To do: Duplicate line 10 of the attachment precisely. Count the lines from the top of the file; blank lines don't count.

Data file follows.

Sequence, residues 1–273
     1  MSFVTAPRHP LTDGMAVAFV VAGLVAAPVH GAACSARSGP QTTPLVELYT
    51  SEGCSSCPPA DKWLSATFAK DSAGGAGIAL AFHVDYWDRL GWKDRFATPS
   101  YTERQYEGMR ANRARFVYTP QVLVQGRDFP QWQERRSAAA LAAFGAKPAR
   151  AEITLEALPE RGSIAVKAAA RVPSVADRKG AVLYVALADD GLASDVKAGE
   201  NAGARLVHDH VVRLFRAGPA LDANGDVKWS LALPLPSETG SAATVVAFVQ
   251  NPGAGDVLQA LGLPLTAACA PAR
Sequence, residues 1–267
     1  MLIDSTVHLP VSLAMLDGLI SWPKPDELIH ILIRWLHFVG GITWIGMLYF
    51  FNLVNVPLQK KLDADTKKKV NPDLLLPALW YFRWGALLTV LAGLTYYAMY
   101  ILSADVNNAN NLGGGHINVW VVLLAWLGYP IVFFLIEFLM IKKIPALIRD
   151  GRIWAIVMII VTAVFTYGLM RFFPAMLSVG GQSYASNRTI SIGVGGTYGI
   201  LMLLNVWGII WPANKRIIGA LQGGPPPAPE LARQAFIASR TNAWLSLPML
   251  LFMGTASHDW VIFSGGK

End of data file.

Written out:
    51  FNLVNVPLQK KLDADTKKKV NPDLLLPALW YFRWGALLTV LAGLTYYAMY